I’ll admit it: I was wrong. I believed the hype. I fell for the catchphrases I heard in the press instead of looking into it. I was part of the problem. I believed that the 1994 lawsuit, in which a woman sued McDonald’s for the temperature of their coffee, was a perfect example of a litigious American society run rampant. I was disgusted with the plaintiff, Stella Liebeck, without ever having met her or learning the particulars of her case. I even laughed along when Seinfeld mocked it.
So when I watched the HBO documentary Hot Coffee (imdb | rotten tomatoes) yesterday I was shocked. And a little ashamed. Really quickly, here are the key points that debunked everything we’d been told about this ‘frivolous lawsuit’:
- Liebeck wasn’t driving when the coffee spilled on her. She was sitting in the passenger side of a parked car.
- She suffered third-degree burns on 6% of her body and lesser burns over another 16%. You see the burns in the documentary; they’re horrifying. This 79-year-old woman was in the hospital for eight days getting skin grafts on her legs, groin and buttocks, and spent the next two years getting treatments.
- She didn’t sue for millions. In fact, she offered to settle for enough to cover her medical bills and lost income (about $20,000) and only asked that McDonald’s keep their coffee at a slightly lower temperature so this wouldn’t happen to other people. McDonald’s refused. At trial, the jury awarded her $160,000 in compensatory damages and $2,700,000 in punitive damages. The punitive amount was reduced to $480,000 by the judge, and McDonald’s ultimately settled out of court for less than that.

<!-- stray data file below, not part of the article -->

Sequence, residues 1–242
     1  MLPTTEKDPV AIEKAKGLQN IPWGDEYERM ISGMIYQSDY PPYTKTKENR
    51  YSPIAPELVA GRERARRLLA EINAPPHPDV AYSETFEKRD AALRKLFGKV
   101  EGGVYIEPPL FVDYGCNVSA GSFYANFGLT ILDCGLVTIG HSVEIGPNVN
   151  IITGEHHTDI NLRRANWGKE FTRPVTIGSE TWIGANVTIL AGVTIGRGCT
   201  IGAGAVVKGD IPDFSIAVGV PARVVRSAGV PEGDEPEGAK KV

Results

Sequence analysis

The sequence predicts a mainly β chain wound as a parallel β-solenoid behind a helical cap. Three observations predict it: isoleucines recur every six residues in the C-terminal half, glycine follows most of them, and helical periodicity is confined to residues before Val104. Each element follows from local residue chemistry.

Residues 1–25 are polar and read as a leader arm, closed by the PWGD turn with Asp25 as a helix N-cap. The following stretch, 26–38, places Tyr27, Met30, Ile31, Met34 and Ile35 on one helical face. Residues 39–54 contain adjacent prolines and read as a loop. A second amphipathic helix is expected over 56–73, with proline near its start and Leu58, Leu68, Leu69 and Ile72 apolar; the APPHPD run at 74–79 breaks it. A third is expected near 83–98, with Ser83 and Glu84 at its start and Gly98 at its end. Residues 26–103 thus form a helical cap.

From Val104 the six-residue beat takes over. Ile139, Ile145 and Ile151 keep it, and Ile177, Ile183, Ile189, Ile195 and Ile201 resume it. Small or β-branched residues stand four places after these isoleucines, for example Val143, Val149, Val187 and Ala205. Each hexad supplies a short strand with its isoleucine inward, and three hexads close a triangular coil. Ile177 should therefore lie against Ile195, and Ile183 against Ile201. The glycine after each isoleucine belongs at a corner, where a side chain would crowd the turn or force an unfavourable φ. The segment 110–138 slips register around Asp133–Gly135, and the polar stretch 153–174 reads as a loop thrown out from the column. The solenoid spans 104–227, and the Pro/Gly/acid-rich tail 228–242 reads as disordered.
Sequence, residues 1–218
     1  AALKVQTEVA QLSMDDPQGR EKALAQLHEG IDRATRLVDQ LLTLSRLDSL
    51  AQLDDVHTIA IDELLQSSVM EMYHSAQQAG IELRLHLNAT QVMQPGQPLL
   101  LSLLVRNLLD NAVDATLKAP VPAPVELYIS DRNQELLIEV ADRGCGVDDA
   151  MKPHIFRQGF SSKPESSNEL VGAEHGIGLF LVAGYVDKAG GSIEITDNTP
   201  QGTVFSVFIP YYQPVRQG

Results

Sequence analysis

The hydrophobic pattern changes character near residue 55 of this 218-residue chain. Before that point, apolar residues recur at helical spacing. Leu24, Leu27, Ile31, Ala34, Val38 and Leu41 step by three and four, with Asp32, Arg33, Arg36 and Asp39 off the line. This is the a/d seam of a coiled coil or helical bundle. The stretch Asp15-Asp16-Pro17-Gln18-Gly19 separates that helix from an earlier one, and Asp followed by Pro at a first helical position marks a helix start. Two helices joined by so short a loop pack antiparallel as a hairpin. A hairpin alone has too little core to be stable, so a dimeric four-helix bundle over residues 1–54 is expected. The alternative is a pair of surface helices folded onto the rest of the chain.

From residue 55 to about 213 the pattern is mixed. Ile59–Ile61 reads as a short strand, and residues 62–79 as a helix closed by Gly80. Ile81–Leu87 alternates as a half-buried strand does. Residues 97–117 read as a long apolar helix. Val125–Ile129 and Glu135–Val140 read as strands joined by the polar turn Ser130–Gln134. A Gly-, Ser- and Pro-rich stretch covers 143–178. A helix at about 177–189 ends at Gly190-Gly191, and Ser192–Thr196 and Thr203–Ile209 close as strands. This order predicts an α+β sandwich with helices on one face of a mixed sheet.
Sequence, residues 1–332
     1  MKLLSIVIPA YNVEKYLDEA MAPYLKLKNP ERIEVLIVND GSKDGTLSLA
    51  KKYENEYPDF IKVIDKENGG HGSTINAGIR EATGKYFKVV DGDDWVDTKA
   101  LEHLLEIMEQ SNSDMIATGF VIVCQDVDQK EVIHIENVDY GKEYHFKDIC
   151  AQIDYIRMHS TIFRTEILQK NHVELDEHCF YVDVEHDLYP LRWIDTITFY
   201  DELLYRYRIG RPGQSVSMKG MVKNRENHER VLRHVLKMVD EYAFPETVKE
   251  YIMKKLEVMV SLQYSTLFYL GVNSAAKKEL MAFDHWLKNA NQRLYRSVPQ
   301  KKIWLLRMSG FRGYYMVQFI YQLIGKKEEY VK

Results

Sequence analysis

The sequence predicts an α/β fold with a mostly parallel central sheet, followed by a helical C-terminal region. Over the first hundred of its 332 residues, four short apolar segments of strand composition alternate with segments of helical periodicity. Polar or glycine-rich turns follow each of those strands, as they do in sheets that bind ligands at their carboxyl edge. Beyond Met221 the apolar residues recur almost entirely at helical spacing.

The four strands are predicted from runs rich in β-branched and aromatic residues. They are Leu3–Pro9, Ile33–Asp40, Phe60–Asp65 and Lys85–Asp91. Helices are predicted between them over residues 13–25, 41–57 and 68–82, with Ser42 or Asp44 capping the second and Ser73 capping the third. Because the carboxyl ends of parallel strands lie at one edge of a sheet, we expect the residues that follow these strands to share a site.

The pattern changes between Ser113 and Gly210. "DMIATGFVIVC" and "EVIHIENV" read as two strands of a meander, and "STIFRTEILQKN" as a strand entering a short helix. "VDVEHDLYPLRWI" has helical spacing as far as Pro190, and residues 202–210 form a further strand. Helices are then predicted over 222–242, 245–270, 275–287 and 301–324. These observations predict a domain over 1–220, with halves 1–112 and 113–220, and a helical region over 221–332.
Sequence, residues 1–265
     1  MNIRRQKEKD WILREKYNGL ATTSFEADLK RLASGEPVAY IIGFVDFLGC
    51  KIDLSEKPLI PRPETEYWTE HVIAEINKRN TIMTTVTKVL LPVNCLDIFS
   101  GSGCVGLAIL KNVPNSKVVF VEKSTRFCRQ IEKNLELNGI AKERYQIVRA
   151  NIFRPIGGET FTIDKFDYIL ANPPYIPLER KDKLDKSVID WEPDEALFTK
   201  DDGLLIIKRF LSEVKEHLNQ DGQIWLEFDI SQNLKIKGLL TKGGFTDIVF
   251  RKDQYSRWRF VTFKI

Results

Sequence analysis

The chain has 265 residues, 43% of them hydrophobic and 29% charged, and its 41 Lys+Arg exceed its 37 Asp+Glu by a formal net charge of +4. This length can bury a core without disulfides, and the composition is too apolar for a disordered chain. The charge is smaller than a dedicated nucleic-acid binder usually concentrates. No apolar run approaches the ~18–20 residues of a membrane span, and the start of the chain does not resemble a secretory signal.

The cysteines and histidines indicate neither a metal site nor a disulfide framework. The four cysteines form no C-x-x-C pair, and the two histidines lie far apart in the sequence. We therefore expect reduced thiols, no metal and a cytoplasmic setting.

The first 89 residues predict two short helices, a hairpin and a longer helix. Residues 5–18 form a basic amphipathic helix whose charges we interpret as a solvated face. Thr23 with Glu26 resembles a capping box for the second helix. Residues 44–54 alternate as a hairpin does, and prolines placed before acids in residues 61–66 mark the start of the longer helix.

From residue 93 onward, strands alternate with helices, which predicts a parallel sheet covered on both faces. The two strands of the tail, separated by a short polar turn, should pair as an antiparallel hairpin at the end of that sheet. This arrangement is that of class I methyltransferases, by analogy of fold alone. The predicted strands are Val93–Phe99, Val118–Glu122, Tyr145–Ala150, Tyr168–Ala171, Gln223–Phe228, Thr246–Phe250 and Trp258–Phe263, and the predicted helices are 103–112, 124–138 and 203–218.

- McDonald’s had received literally hundreds of complaints about the temperature of their coffee before the trial. For some reason they kept it hotter than most restaurants.
From there, the documentary turns quickly to the major theme: that corporations and their lobbyists seized on this case and began to spin. Phrases like ‘frivolous lawsuit’, ‘lawsuit abuse’, ‘lawsuit lotto’ and ‘jackpot justice’ began to spring up to convince the public that the civil courts were being abused. This allowed them to enact laws which limited damages in civil suits (President Clinton vetoed this at the federal level, but lobbyists were often successful at the state level) as well as to insert clauses in contracts which forbade employees or contract holders from suing companies for personal damages.
It’s an incredibly frustrating documentary, but also a very important one. It’s still airing on HBO, and TMN here in Canada, so go watch it, and find out more on their site.
Sorry Mrs. Liebeck.